This means that it’s up to the district court judge who writes the opinion whether it should be available for free. Moving all of the opinions into FDSys fixes the problem of search limitations and paywalls in PACER, but it doesn’t guarantee that every judicial opinion of import will find its way into the system. I’m not sure that users would even be aware of this limitation when they are using FDSys.

I was a little surprised that the pilot is is limited to 12 courts. If all of the information is coming directly from PACER, why not include it all? The release mentions that “the Judicial Conference approved expansion of the pilot to include up to 30 additional courts.” I’m hoping that they are scrubbing the data up a little, standardizing it, and maybe even adding a little metadata. That could take some time and would add a lot of value.

I think it’s also worth pointing out that the opinions going into FDSys are slip opinions, not the official reporter versions of the opinions. The slips are also what you find in PACER. Litigants generally do not cite to slip opinions once they have been published by the official reporter (which is a private company, for those of you new to this topic). This is an issue that attorneys may be aware of, but I don’t think the lay public understands.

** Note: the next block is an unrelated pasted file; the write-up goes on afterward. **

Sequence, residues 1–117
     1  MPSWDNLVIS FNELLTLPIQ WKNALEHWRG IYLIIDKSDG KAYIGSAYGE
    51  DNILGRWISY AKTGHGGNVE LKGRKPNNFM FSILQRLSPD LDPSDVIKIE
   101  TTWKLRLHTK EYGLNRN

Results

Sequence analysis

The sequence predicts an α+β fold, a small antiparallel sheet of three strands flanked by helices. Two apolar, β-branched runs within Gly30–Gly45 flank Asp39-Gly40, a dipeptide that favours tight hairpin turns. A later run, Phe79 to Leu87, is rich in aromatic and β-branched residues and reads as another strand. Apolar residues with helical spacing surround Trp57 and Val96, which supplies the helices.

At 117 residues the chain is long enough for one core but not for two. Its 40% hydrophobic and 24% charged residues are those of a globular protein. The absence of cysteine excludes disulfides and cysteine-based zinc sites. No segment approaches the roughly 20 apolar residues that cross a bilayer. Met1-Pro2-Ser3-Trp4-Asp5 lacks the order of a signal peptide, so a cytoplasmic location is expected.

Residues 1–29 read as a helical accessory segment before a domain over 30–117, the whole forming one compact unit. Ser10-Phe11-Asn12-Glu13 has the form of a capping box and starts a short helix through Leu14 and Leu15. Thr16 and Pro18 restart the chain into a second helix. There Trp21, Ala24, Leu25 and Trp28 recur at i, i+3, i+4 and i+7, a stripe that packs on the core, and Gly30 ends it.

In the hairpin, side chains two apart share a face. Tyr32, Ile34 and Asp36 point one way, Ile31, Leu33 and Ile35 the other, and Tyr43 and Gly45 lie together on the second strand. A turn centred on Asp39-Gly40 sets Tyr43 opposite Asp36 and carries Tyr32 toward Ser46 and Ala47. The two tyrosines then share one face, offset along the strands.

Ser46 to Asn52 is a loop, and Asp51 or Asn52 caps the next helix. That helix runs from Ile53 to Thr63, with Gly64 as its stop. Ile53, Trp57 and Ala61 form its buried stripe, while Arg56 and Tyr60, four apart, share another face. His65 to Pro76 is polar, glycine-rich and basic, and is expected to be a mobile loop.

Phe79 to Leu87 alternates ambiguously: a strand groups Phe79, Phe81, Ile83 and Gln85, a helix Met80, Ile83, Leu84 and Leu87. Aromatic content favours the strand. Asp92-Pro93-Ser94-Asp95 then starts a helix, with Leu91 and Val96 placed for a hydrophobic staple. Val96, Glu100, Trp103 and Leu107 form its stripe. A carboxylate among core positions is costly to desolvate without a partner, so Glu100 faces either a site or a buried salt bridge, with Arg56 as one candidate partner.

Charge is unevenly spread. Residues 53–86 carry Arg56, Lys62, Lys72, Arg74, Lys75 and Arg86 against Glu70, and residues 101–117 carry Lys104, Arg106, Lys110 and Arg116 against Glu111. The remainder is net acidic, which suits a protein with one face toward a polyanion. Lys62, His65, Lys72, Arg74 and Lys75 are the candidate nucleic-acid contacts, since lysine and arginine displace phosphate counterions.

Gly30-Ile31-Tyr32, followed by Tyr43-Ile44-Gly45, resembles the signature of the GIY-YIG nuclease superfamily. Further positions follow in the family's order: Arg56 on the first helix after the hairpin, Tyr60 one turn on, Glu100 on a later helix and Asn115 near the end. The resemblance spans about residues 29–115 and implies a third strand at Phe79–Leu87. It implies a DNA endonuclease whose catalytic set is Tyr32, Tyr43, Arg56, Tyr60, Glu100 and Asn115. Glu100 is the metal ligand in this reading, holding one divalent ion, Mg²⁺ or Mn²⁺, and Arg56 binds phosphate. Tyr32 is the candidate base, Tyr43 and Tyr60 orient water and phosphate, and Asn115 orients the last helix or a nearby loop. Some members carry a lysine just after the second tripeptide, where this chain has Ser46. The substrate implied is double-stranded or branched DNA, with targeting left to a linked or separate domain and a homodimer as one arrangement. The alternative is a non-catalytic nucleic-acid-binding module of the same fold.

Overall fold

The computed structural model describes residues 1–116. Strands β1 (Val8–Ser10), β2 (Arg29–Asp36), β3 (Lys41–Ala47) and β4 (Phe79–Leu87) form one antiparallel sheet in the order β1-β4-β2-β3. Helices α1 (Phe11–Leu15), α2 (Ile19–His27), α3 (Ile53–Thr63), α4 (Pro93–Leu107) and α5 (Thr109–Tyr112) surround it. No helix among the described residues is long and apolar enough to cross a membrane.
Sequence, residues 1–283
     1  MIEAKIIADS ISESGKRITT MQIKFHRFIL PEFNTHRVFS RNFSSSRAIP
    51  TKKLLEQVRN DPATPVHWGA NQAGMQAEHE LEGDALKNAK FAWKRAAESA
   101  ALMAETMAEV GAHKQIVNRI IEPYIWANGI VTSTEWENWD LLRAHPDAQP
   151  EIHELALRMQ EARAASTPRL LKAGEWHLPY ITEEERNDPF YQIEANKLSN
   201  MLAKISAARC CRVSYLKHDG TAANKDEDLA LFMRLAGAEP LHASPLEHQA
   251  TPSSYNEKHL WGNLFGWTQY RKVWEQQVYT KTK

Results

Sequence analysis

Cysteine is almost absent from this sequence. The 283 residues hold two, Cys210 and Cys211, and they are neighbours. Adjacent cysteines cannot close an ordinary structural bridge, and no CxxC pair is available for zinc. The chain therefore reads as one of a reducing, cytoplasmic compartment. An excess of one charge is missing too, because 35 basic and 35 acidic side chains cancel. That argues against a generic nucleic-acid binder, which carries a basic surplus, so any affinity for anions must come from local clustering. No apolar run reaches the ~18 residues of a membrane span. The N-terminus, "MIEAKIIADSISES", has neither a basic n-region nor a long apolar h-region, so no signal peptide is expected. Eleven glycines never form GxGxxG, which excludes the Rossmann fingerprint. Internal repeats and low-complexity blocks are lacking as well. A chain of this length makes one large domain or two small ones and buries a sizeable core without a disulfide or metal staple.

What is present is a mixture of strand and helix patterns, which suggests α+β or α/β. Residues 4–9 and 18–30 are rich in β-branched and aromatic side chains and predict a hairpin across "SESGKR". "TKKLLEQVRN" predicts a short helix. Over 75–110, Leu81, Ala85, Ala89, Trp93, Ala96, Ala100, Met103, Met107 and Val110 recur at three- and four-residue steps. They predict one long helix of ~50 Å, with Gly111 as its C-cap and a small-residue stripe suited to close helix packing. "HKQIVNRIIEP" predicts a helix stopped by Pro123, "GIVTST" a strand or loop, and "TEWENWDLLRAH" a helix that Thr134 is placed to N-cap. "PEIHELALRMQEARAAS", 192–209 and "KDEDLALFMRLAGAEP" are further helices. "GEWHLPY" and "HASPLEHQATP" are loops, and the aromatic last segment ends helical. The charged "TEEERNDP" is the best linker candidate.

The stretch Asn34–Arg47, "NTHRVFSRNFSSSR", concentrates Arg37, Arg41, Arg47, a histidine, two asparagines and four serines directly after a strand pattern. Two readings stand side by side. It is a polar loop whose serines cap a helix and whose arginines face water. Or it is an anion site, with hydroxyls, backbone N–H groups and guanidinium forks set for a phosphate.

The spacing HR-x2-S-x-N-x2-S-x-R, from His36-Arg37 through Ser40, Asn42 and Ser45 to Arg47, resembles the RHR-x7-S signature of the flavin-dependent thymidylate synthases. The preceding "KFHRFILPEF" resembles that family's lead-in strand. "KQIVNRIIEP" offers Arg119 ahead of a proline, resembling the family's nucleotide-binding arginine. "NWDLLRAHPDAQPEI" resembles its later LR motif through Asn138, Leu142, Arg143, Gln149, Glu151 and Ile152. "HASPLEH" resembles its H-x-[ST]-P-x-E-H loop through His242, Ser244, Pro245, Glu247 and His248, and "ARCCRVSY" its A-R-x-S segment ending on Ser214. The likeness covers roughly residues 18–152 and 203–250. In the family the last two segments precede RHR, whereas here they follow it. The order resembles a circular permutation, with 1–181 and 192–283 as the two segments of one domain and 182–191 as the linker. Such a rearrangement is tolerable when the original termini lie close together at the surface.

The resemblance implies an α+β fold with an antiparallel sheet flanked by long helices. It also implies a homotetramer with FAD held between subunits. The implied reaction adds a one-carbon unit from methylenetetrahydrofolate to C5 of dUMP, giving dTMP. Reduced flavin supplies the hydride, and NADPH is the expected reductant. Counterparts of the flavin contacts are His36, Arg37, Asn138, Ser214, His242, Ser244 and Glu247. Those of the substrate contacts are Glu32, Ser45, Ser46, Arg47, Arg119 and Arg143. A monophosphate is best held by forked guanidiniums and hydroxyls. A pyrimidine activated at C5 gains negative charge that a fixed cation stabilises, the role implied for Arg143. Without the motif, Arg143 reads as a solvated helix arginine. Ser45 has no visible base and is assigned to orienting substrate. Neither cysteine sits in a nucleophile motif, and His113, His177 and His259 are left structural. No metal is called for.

I am heartened to see the AOC taking an interest in enhancing access to opinions online. While we’re at it, here’s a short list of other steps they can take to provide meaningful access to government work product from the courts.

Stop charging to search PACER.

The issue of charging for PACER access is a lengthy, ongoing debate (see Shultze and Lambert). I think that everyone can agree, however, that at a minimum, the system should not charge to perform a search. This is silly and outmoded. If they took this one step, they could legitimately state that certain opinions are available free of charge through PACER.

Last year the government announced that ” the Judicial Conference of the United States approved an adjustment to the Electronic Public Access Fee Schedule so that users are not billed unless they accrue charges of more than $10 of PACER usage in a quarterly billing cycle, in effect quadrupling the amount of data available without charge. Previously, users were not billed until their accounts total at least $10 in a one-year period. ”

I think this signals that they want to keep the charges reasonable–eliminating fees for search would help.

Provide an archive of slip opinions on FDSys

If the GPO wants to make FDSys a useful tool to conduct legal research, it should include a backfile, or archive, of federal court opinions. They must be stored at least individually by the courts. GPO should make an effort to collect and house these.